Here are some instructions for building a shelter with an interior of roughly 7′ wide & whatever length you specify (although working in modules of 4′-8′ is sensible). The frame consists of a supported ledger and a parallel stud wall. These support joists that support ceiling joists that support a ceiling mass (ideally concrete). I have a spreadsheet cutsheet in the works but it’s not ready for primetime.
- Select an ideally windowless corner of a basement with minimal overhead obstacles. The selected corner should also be as far below ground as possible. Wiring is OK if stapled to the joists, but avoid significant plumbing (esp waste) or duct-work if possible.
- Ideally the width of the shelter (short axis) would run parallel to the overhead ceiling joists.
- Measure the height from the floor to the bottom of the existing basement ceiling joists. Deduct 20″ from this. This is the stud length for support wall. Cut one stud for every 16″ of length + one for the end.
- Cut 5 pc 2×4 at the specified length of your shelter. These are your ceiling ledger, 2 ceiling rim joists, wall bottom plate, and wall top plate.
- Mark a level line on the long side of the wall at a height above the floor of (stud length + 6.5″). This is the top of the ceiling ledger.
- Back the ledger with ice and water shield or sill gasket and attach it to the wall using construction adhesive and masonry anchors.
- Individually measure and cut studs for placing beneath the ledger 16″ on center.
- Attach ice and water shield or sill gasket to the flat side of the studs and attach them to the wall in their measured locations using masonry anchors.
- Frame the wall by connecting the wall plate to studs placed vertically every 16″. Set the wall well back from the work area.
- Attach ice and water shield or sill gasket to the bottom plate of the wall.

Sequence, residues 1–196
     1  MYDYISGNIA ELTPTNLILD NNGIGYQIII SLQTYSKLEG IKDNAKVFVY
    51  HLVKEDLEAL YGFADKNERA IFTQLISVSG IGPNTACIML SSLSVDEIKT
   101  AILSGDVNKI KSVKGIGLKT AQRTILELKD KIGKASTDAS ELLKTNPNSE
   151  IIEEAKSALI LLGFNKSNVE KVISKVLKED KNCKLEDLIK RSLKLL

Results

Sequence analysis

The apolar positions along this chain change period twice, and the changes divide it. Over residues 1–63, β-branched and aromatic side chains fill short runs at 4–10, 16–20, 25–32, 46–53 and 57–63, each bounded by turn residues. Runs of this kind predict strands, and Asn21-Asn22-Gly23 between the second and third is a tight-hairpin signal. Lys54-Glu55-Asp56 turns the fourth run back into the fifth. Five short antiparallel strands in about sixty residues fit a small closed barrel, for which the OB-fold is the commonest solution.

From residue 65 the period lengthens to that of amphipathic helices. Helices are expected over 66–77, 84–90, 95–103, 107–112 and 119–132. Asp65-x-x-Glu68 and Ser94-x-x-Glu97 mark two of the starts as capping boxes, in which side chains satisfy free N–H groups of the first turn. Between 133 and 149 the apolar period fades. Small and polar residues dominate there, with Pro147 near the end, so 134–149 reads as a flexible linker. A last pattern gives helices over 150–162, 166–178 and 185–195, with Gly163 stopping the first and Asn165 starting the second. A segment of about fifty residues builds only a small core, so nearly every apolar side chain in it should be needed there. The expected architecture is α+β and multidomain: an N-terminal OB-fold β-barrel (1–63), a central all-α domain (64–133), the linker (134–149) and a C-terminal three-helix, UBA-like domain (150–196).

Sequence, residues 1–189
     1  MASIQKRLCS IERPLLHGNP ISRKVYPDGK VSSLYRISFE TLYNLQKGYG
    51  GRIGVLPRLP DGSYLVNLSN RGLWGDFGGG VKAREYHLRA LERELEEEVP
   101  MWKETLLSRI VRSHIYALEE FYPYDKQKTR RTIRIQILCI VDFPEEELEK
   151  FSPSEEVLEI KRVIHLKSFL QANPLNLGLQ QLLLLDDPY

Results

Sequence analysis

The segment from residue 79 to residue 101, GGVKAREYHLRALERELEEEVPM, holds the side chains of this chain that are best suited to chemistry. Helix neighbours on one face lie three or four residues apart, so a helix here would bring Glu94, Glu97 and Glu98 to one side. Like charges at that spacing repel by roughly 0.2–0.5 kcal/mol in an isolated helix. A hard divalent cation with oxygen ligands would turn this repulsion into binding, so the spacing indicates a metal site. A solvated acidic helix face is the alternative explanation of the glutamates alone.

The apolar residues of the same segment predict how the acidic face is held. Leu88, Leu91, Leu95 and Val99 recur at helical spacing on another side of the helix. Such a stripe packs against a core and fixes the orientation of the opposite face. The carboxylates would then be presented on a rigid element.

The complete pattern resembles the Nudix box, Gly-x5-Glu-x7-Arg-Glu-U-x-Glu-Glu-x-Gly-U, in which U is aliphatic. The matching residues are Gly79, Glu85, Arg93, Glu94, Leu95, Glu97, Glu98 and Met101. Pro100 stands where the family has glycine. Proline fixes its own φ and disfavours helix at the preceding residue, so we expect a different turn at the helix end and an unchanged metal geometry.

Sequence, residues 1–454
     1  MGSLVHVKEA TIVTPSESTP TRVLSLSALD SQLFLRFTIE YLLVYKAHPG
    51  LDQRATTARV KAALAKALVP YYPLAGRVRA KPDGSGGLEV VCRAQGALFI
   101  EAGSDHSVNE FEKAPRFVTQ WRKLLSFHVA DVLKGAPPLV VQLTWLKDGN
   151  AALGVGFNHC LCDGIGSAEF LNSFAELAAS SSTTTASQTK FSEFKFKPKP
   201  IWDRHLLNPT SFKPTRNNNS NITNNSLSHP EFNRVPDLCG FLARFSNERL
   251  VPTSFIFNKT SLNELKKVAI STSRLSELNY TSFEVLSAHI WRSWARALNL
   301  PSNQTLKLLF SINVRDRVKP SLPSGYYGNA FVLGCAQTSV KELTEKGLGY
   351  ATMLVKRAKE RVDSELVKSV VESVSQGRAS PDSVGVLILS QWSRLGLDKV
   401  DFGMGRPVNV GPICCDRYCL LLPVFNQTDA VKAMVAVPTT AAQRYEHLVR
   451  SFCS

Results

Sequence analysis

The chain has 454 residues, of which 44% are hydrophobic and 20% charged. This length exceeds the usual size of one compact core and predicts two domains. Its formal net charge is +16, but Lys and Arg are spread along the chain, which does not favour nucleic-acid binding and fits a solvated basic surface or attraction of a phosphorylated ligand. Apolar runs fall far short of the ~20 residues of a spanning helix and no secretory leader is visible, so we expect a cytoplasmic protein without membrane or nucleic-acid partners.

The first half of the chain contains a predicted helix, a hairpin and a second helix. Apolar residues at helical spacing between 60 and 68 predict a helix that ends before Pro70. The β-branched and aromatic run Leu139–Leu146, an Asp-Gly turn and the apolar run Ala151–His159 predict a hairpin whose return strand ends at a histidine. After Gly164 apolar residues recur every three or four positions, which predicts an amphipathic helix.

- Cut the ceiling joists to the specified width
- Deduct 4 1/2″ from the overall width of the shelter. This is your ceiling joist length. Cut the same number of ceiling joists as wall studs.
- Frame the ceiling by attaching the ceiling rim joists to the ceiling joists placed horizontally every 16″.
- Install 1/2″ sheathing over the ceiling using glue and construction adhesive. The sheathing should be flush on 3 sides, but project over one rim joist by 1 1/4″. This projection will be attached the ledger.
- Apply either asphalt impregnated 15# felt or ice and water shield over the sheathing. This will serve as a capillary break between the concrete and the plywood to prevent rot.
- Optional: Drill 1 1/8″” holes 12″ on center ~6 1/2″ above the ledger. Epoxy 1″ dia rebar exactly equal to the length and width of the shelter long into each hole, with 2″-4″ embedment in the wall (this will leave the rebar 2″-4″ short of the penetrating the outside edge of the concrete). Connect each point in the rebar grid using a tie wire loop.
- Run a bead of construction adhesive along the top of the ledger.
- Measure from the base of the ledger wall (overall width minus 10″) and mark a line the length of the shelter.
- This part will suck and will require several pairs of hands. Place the ceiling assembly over the top of the ledger and connect several screws through the plywood into the ledger. Quickly place the support wall under the ceiling assembly on the opposite side.
- Align the outside edge of the wall with the line you struck in 13. Fasten the wall to the floor slab using masonry anchors. Plumb the wall at the two outside studs and fasten the plate at these two locations to the ceiling joists above. Straighten the wall in between these points by sighting the wall along the top. Fasten the top plate 2x at every joist.
- The ideal overhead mass is 12″ of concrete, but you can use other heavy objects if you prefer. For concrete, prepare plywood edge forms roughly 16″ wide to be attached to the perimeter joists. Don’t install these yet.
- This part will also suck. Mix concrete and shovel it into the deck. As you approach the nearest edge of the form, install the plywood edge forms so the concrete doesn’t spill out.
- Once the concrete has set, you can apply more heavy things into the overhead joist cavity to provide even more protection.
This should complete a reasonably well protected overhead mass. If folks are interested I’ll try to work on the wall section. Hope you enjoyed this!